Ripping yarns, beautiful lies and a few home truths.
Must have been a stirring sight, Sarah. I see they are still running on crude though - they couldn't go through the English Channel belching out smoke like that any more!
Probably running on illegally bunkered crude oil!When they supplied the ship, I hope the local chandlers did not accept Nigerian credit cards...
It is this gorgeous old hulk, formerly a US coast guard frigate and now employed to keep check on pirates off the African coast. They came over here to take part in a naval fleet review in Sydney. I think this is the furthest this ship has ever been in its life.So, a bit of smoke. Pfft.
As for the local port authority, the rusting barbed wire at Hunts Canning speaks volumes.
I had nearly two years on a security vessel guarding the Shell EA Offshore Field against pirates in Nigeria-http://hippo-on-the-lawn.blogspot.com/2007/03/christmas-in-lagos.htmlI do not have a credit or debit card and deal only by cash or trade but I will find a way of buying your book, probably by finding something that somebody with a credit card wants. Having eschewed the banking system out of principle I have to accept that Amazon is no longer an option open to me.
Mr Hippo, I am myself a person who has some principled misgivings when it comes to the banking system; however, I have thus far not been principled enough to go through the inconvenience of extricating myself from it.If I may ask, when you say "cash", you're still talking about bank-issued currency, right? I had an uncle in the north of WA who was living "gold-only" for a while. I hear you still can in some parts.Have you looked at bitcoin?
To buy bitcoins I think you need a credit or debit card.Yes, I use cash or exchange. You can't entirely divorce yourself from the banking system. In the shop we accept debit cards which are linked to a business account.
Look Hippo, you can send me an email via my other website. You know, the 'click on a fisherman' one.Get down on one knee sir, and I will send you a copy of my book.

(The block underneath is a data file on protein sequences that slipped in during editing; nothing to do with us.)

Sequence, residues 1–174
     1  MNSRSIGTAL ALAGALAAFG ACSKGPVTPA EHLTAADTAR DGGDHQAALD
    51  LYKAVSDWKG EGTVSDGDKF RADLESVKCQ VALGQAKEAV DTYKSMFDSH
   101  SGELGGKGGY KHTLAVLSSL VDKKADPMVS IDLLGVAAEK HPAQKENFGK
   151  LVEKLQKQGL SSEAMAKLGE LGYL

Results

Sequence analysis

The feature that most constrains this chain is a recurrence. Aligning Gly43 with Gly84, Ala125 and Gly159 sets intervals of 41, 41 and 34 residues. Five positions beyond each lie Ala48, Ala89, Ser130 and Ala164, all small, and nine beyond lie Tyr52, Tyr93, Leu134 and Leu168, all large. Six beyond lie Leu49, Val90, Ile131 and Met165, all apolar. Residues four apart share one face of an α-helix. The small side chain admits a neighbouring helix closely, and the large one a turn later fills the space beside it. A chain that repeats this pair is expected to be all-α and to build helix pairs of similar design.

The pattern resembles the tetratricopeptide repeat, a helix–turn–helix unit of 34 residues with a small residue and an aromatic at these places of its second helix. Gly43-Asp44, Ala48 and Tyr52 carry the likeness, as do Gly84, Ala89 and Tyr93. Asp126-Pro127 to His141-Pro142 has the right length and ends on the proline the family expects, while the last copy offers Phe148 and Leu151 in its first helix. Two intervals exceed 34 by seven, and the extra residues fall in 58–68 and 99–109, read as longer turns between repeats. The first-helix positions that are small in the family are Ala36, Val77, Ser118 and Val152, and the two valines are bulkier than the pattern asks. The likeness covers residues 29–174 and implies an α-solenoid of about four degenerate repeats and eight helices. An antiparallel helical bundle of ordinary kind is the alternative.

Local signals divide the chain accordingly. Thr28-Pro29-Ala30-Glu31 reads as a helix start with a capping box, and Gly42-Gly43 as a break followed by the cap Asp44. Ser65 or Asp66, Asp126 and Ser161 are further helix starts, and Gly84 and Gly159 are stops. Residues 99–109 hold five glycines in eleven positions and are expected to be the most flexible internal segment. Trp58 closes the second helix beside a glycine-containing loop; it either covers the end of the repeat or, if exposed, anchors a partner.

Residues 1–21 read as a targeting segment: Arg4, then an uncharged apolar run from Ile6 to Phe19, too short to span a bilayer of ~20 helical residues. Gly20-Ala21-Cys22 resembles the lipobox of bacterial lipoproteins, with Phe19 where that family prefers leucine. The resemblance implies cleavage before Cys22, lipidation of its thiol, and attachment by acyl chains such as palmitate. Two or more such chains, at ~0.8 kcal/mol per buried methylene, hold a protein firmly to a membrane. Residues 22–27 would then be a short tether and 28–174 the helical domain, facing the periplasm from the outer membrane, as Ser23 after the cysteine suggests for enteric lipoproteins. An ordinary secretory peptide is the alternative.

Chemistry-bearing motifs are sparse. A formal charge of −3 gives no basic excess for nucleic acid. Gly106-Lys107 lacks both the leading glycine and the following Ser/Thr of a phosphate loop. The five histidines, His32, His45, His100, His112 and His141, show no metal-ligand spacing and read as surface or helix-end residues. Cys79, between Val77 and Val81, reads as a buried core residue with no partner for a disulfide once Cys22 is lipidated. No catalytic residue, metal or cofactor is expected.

That would be cheating, my dear Sarah! Besides, I want more than just one. Seeing your book published and having lately followed the effort you put into it (coupled with the fact that I, along with so many other English speaking expats are desperate for something to read), I asked Marcia if she would not like to consider a shelf in the shop devoted to selling books. I can have my Filipino carpenter knock up a display shelf in no time. Due to the duties, cost of shipping etc, the average price of a paperback book here is US$100 and the choice is dire. I am sure I could do better. Perhaps I could be the first person to sell one of your books in Africa?
What an absolutely wonderful proposition Hippo!Thanks.
Sarah, I may just be over your way if "Can-Do" Campbell keeps can-doing what he's doing. I know people say crap like that all the time, but this one is actually half serious. My Dad is an ex-bikie. He still rides a bike. I sometimes ride a bike. I associate with plenty of other people who ride bikes. Some of them are, or have been in clubs. Some of them have recently been harassed by police. I do tatt-designs for these people from time to time. Presumably, under the new laws, that might possibly be enough to land a frigging gaol sentence. Thankfully, the beak aren't standing for it at the moment. I suppose I should be more principled and just stick it out; but, well, we'll see. Anyway, that is basically my long winded means of asking, "Room for one more"?
You are so welcome Alex
Much obliged Sarah.For an idea of why things are looking hairy, check out tonight's 7:30 Report. The comparisons with old Joh, are chilling. Oh, and stay with it for Clive Palmer's extraordinary interview. Best laugh I've had this week.
What I like about the ship photos is that they perpetuate the historical presence of Albany as a place of visiting for mariners. The thing about mariners on an open sea being their nomadic spirit in the face of vulnerability. These guys just happen to be Nigerian sailors on a decommissioned WW2 era British vessel. I know people who love the sea are not necessarily afraid of it. They respect its power and occasional ferocity but all things learned figure it's as good a place as any to roam. The thing about Albany, not so much now, but not so long ago anyway, is its own lonesomeness and vulnerability as a settlement and place of dwelling on the far south-west corner of the great Southland.
It's not a bad thing to be a bit scared at sea. As Ms Mer said, "Anyone who tells you they've never been scared out of their wits at sea is a liar."
The sea scares me shitless. Not a good sailor I'm afraid. All sorts of imaginations happen and make me scared. I freak myself out.
It's the worst kind of freak out, the one you do to yourself, isn't it?
That first photo was right out of 1940 x
Yes, it was all misty rain and a 70 year old ship - and a brass band.